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  • WATERLINE - December, 2022

    Together again! WALPA reconvenes in person for annual conference

    In late October, WALPA met in Richland for our first in-person conference since 2019! It was truly amazing to see old friends again, and equally great to meet some in person for the first time.

    Activities commenced on Wednesday, October 19, with an invasive plant species workshop presented by Ben Peterson (King County) and Brian Turner (WDFW). With actual specimens on display, the workshop provided a great learning experience. Anyone working on removal of invasives was able to see a variety of these plants  “up close and in person.”

    On Thursday morning, Angela Strecker (WWU), chair of WALPA’s Diversity, Equity, and Inclusion (DEI) Committee, led our plenary session titled “Building a Better WALPA”. Angela presented the findings from WALPA’s 2021-2022 DEI survey. Based on these, the DEI committee’s recommendations focus on making WALPA an organization that is a diverse and equitable space for members and advocates for environmental justice and equity. After the presentation, we were joined by Jerod Grant from Cultures Connecting. Jerod facilitated a conversation among members to discuss how individual members can affect systemic change within our organization. Witnessing this meeting of the minds was truly encouraging, as members shared aspirations and ideas to make WALPA a better, more inclusive organization.

    WALPA’s annual business meeting followed with outgoing President Jen Oden at the helm. She welcomed new board members Corinne Klomann and Bradley Roth, and thanked outgoing board members Beka Stiling, Paula Cracknell, and Rob Zisette. We had the distinct pleasure and privilege of giving Dr. Joan Hardy the 2022 Secchi Disk Award. Presenting the award, Jean Jacoby gave a speech about her colleague and friend that was truly inspiring to everyone who works in this field. Incoming President Matt Colston presented his agenda for 2023, which included more DEI and outreach opportunities with natural resource managers from tribal governments, and a WALPA public lakes guidebook.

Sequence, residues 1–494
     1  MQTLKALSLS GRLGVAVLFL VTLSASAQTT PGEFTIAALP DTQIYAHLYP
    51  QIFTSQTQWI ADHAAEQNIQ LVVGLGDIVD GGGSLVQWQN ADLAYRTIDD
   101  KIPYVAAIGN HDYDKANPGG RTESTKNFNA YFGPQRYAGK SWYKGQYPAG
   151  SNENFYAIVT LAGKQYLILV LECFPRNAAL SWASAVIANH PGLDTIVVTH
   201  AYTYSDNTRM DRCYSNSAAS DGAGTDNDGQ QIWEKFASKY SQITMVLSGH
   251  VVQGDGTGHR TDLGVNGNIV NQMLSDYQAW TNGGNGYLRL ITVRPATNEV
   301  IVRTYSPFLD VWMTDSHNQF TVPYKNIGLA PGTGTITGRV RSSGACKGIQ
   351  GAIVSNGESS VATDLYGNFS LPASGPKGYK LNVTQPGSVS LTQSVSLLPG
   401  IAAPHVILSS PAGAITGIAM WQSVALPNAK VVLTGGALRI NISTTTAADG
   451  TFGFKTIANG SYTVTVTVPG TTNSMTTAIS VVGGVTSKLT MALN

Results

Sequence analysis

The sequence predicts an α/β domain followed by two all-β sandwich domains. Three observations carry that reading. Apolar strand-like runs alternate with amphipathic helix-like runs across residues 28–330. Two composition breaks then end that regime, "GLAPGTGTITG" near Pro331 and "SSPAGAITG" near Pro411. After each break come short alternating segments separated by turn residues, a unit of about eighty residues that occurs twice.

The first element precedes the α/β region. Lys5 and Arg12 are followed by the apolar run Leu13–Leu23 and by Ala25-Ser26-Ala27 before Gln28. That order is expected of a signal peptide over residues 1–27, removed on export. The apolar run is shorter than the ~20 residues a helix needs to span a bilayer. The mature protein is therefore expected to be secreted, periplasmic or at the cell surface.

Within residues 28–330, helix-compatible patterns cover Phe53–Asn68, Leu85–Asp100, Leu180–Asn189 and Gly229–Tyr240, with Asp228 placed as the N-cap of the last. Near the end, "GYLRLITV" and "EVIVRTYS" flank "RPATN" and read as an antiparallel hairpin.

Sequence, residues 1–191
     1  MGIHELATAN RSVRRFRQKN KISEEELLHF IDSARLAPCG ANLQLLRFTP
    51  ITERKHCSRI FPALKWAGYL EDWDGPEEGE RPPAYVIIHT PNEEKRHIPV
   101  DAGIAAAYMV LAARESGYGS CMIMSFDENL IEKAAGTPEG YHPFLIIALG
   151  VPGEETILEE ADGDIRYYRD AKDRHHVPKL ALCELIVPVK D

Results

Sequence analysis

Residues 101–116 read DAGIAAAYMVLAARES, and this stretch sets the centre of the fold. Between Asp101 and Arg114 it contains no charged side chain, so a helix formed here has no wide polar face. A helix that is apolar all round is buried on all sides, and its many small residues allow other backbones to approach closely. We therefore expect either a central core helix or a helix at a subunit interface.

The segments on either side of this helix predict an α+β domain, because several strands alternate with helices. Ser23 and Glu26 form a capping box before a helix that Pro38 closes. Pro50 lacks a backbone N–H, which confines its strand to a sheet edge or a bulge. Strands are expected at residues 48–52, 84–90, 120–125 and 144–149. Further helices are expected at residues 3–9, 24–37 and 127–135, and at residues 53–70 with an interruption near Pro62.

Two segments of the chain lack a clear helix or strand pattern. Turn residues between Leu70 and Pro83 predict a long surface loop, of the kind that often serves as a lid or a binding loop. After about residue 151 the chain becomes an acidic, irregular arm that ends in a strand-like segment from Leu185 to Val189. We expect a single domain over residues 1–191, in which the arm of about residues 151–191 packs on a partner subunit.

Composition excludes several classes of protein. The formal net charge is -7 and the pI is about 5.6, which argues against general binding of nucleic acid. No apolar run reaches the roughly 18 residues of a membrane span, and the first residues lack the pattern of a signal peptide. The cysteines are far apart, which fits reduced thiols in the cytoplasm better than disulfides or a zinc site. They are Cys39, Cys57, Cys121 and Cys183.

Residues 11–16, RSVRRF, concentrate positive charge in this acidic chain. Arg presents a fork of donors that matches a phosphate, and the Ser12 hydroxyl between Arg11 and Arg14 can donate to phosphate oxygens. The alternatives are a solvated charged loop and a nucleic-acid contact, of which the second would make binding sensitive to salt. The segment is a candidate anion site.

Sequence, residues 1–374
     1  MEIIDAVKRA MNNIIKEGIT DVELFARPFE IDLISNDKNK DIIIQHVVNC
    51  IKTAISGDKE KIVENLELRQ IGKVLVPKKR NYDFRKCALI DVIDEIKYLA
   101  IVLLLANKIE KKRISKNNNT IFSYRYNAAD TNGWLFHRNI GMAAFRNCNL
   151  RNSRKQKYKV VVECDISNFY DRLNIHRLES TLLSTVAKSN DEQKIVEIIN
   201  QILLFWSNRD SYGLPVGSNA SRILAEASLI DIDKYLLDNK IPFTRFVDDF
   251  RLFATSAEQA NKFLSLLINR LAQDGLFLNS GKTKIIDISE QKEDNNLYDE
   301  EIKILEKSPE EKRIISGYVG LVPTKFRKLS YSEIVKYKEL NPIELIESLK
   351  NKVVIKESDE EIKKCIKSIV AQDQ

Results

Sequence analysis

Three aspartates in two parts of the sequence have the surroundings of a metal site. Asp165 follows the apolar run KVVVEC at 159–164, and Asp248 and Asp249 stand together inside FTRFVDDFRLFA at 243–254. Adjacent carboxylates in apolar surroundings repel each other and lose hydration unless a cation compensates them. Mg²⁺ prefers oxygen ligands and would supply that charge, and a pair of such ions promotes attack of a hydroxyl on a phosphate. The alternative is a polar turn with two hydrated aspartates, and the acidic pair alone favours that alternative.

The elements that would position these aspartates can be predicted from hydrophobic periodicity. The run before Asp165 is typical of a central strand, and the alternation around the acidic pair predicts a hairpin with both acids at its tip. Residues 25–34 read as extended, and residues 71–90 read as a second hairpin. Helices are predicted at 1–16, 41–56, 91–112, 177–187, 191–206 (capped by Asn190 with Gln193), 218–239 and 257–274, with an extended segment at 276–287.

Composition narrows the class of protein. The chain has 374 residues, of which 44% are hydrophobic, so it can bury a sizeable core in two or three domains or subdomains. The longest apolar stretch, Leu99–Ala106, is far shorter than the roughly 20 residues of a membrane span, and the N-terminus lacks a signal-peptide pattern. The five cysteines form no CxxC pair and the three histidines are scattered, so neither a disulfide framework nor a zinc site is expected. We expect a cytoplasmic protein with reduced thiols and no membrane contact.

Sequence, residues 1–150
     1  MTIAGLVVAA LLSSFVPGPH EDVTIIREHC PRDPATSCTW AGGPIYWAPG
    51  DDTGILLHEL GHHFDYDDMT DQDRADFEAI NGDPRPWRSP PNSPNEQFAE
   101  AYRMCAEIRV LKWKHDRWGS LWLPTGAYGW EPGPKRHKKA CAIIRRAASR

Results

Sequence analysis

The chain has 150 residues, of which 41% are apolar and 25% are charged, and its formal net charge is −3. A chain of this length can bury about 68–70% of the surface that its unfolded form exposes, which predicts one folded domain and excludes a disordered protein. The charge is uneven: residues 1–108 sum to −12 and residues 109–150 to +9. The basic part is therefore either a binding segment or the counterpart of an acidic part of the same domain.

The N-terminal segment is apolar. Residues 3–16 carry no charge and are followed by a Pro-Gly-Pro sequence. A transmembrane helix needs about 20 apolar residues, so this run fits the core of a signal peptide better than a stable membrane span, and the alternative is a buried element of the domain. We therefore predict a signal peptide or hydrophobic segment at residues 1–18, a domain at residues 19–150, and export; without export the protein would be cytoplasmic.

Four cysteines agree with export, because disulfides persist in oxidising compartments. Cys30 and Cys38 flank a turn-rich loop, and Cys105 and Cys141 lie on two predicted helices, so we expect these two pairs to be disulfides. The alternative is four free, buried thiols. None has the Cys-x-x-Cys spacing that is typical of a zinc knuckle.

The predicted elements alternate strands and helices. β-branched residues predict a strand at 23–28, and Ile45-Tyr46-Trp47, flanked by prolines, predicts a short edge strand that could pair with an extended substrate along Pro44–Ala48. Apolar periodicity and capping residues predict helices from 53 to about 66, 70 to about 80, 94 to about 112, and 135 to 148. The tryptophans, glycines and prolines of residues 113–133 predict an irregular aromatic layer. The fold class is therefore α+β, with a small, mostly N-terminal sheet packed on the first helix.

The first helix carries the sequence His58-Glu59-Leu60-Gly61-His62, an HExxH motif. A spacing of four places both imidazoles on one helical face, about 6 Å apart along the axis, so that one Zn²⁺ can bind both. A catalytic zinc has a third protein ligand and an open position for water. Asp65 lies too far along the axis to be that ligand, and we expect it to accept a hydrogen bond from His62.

After the business meeting, the Thursday sessions began. These focused on cyanobacteria and arsenic with presentations from Mark Sytsma, Gopal Mulukutla, Theo Dreher, Samantha Fung, and Jim Gawel. A highlight of the cyanobacteria and arsenic session was Samantha Fung’s presentation about arsenic cycling in polymictic lakes. It was very thorough and included extra slides that addressed audience questions: sign of a great researcher and an even greater presenter! The phosphorus management session included excellent presentations from Shannon Brattebo, Jeffery Tepper, Derek Vilar, and Lindsay Chutas.

    On Friday we closed out with two sessions. The first was on monitoring and modeling, which had amazing contributions from Angela Strecker, Curtis DeGasperi, Tim Clark, and Joan Hardy. The final session, presented by Mark Apfelbacher, Julian Olden, Toni Pennington, and Marissa Burghdoff, addressed aquatic invasive species.

    We want to thank our generous sponsors CD3, Aquatechnex, Herrera, Eutrophix, YSI, In-Situ, ESA, and WWU Institute for Watershed Studies. A special thank you to everyone who participated in the raffle, silent auction, and everyone who attended the conference. Finally, I personally want to thank the members of the conference committee who worked tirelessly to put this event together. This great event wouldn’t have been possible without all of you. We’re already looking forward to next year’s conference!